C2C has created a detailed list of trending industries and job titles in Mississippi to get you started. These are fields with a high predicted volume of job opportunities and potential for career growth.
Another useful resource is the Mississippi Department of Employment Security’s Occupational Employment Projections. It’s a list of careers that statewide employers are hiring for, including how many new jobs each industry expects to have. Some, such as financial manager and educational administrator, might grow by more than 18%!
How Goals Serve You
SMART goal-setting helps you progress as a student. Even before you achieve a goal, you’ve done a good thing for yourself. Here are just a few things you can do with a relevant goal.
Stay Motivated All Year
Research shows that goal-setting can increase your motivation to succeed. The effect is stronger if the goal is personally meaningful. Use your goals to remind yourself of your “why,” and you’ll find it easier to stay on track.
Improve Time Management Skills
Remember the “time-framed” part of SMART goals? When you have clear goals with deadlines, you make the most of your study time. More productive study time helps you earn better grades with less stress.
Identify Areas of Improvement
In the workplace, an “area of improvement” is a skill or ability someone can work on to do their job better. When you use SMART goals to guide your schoolwork, you see where you shine and where you can get stronger. That information helps you prioritize your studying while making the most of your time.
Examples of SMART Goals for Students
Creating your first SMART goal can be intimidating, especially if you’ve never written SMART goals in education before. It’s OK! Here are a couple of examples that can help you get started.
Example No. 1: Improving Time Management Skills
“I will spend at least 30 minutes on homework every workday this month and an hour on Saturdays and still do bedtime with the kids.”
This goal is SMART because it’s:
- Specific: focuses on one habit, which is studying
- Measurable: includes a target number of homework hours — 30 minutes on weekdays and an hour on Saturdays
- Action-oriented: focuses on something you can control — your study time
- Realistic: targets a reasonable period for a working parent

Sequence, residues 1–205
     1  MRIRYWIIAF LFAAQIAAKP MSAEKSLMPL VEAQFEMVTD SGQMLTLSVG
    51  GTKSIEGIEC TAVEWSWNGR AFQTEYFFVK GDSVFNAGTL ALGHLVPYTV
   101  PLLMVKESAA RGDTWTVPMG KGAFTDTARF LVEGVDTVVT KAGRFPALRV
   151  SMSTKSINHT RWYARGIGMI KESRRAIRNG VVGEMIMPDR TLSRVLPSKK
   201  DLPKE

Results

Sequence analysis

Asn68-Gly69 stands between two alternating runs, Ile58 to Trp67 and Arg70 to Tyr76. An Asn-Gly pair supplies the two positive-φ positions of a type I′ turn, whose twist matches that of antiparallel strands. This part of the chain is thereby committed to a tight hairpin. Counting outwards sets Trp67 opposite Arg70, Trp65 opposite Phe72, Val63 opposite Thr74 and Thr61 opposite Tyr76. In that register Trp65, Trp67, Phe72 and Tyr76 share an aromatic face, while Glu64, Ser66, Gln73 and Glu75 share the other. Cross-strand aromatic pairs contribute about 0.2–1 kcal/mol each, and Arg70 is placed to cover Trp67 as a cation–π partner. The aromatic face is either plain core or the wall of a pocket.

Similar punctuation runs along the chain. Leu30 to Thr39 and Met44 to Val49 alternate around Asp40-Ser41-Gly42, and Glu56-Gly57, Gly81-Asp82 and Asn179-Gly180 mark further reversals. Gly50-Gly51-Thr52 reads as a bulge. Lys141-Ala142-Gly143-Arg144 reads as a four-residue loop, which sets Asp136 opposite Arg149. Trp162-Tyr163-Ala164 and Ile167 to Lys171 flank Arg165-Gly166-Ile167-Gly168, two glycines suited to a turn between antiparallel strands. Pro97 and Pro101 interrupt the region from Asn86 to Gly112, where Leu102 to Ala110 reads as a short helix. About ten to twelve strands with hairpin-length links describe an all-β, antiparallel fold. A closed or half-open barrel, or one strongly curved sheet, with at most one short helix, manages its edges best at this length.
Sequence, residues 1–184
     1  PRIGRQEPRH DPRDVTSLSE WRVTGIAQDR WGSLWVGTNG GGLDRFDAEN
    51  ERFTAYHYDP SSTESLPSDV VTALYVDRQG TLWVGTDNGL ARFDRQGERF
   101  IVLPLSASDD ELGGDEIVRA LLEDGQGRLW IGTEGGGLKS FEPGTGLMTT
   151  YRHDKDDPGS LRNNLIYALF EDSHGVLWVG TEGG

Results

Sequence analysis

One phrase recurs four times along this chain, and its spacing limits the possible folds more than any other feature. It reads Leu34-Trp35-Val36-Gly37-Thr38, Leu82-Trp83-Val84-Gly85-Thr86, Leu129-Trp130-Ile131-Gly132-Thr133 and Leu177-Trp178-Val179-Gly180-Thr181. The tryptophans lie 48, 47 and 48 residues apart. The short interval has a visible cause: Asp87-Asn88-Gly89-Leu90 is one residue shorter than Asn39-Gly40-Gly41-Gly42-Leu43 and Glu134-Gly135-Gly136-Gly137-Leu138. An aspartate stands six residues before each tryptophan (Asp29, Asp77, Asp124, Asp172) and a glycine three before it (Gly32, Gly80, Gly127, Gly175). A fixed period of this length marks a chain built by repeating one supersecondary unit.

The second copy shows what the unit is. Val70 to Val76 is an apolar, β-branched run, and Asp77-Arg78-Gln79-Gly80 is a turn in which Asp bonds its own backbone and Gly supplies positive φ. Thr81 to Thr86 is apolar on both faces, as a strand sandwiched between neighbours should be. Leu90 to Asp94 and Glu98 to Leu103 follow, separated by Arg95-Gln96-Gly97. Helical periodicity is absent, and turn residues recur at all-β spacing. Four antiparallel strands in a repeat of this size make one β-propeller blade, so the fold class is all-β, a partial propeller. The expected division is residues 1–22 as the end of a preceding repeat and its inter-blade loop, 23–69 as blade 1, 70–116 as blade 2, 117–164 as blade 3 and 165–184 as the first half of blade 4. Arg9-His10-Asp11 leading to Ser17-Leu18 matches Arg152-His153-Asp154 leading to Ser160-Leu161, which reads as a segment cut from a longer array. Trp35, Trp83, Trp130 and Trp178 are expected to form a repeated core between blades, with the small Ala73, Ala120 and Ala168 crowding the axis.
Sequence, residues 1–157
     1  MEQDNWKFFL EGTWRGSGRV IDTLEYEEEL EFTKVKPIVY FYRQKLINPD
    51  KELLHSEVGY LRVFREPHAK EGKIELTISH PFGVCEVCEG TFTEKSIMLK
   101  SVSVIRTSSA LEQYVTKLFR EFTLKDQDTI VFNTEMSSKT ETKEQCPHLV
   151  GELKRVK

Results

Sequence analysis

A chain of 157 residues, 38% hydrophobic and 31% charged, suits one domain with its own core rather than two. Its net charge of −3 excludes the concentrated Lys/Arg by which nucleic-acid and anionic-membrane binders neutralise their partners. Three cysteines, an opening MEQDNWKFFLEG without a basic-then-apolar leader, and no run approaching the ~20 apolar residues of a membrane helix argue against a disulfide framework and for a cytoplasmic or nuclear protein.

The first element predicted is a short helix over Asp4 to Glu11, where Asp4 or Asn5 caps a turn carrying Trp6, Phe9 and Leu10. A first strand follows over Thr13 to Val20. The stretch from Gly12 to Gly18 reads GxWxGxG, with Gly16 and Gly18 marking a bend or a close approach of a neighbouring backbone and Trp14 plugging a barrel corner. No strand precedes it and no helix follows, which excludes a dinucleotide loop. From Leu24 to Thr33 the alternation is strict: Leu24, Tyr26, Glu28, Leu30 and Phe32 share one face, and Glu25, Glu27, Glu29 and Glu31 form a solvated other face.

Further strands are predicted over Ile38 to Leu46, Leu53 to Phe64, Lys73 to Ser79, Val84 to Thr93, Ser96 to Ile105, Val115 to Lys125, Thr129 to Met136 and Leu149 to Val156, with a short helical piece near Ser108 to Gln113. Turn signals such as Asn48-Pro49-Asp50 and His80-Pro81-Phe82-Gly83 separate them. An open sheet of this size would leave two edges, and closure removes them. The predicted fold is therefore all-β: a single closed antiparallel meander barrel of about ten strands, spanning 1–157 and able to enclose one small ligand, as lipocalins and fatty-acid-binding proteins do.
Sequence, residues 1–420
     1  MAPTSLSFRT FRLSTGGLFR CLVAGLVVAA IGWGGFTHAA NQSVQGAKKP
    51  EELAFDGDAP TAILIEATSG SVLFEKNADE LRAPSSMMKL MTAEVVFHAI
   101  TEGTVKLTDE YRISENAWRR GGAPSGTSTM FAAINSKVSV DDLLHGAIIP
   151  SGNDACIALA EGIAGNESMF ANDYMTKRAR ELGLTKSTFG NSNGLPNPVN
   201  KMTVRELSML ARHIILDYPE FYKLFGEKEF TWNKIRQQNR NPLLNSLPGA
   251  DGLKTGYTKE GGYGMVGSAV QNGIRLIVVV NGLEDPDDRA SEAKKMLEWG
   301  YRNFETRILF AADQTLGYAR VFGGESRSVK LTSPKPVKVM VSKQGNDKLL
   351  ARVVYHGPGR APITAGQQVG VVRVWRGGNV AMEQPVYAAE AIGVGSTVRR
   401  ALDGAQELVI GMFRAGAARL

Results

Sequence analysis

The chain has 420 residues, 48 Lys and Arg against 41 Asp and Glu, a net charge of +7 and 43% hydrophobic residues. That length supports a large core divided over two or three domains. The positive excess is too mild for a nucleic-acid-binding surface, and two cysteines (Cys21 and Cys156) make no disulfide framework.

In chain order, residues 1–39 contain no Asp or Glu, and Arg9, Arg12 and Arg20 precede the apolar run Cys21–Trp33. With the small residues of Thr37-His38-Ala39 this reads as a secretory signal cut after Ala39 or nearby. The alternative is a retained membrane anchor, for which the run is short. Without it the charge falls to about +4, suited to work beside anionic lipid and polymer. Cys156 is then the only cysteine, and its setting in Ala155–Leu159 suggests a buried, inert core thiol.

- Time-framed: is limited to a month
Example No. 2: Academic Achievement
“I will get at least a B+ in my anatomy class this semester.”
This goal is SMART because it’s:
- Specific: focuses on one class
- Measurable: has a target grade
- Action-oriented: gives you something to work toward
- Realistic: aims for a good grade, if not the highest possible grade for any student
- Time-framed: looks at one academic period
Now it’s your turn. Think of a goal you’d like to achieve — it doesn’t even have to be a college-related goal yet. You can practice with a personal goal like “I’ll have a date night with my spouse once a week this month.” Or if you’re dreaming of finishing your degree but haven’t yet, you can make that your SMART goal — and C2C can help!
Seek Academic Guidance With a C2C Coach in Mississippi
It’s a great time to get an education in Mississippi. The state has more than 20 community colleges and public universities, most of which have accommodations or special programs for adult students.
It’s exciting for students to see the Mississippi education rankings for some of these schools. Several even appear on national top-school lists, including that of U.S. News and World Report. But which one will help you reach your SMART goals?
It’s a big question, but your C2C coach can help. C2C helps Mississippi adults finish their college degrees, and our coaches know the available programs inside and out.
If you’re already a C2C participant, call your coach and tell them you want to talk about your goals. If you haven’t signed up yet, today’s the day! Apply now and dust off those dreams of future success.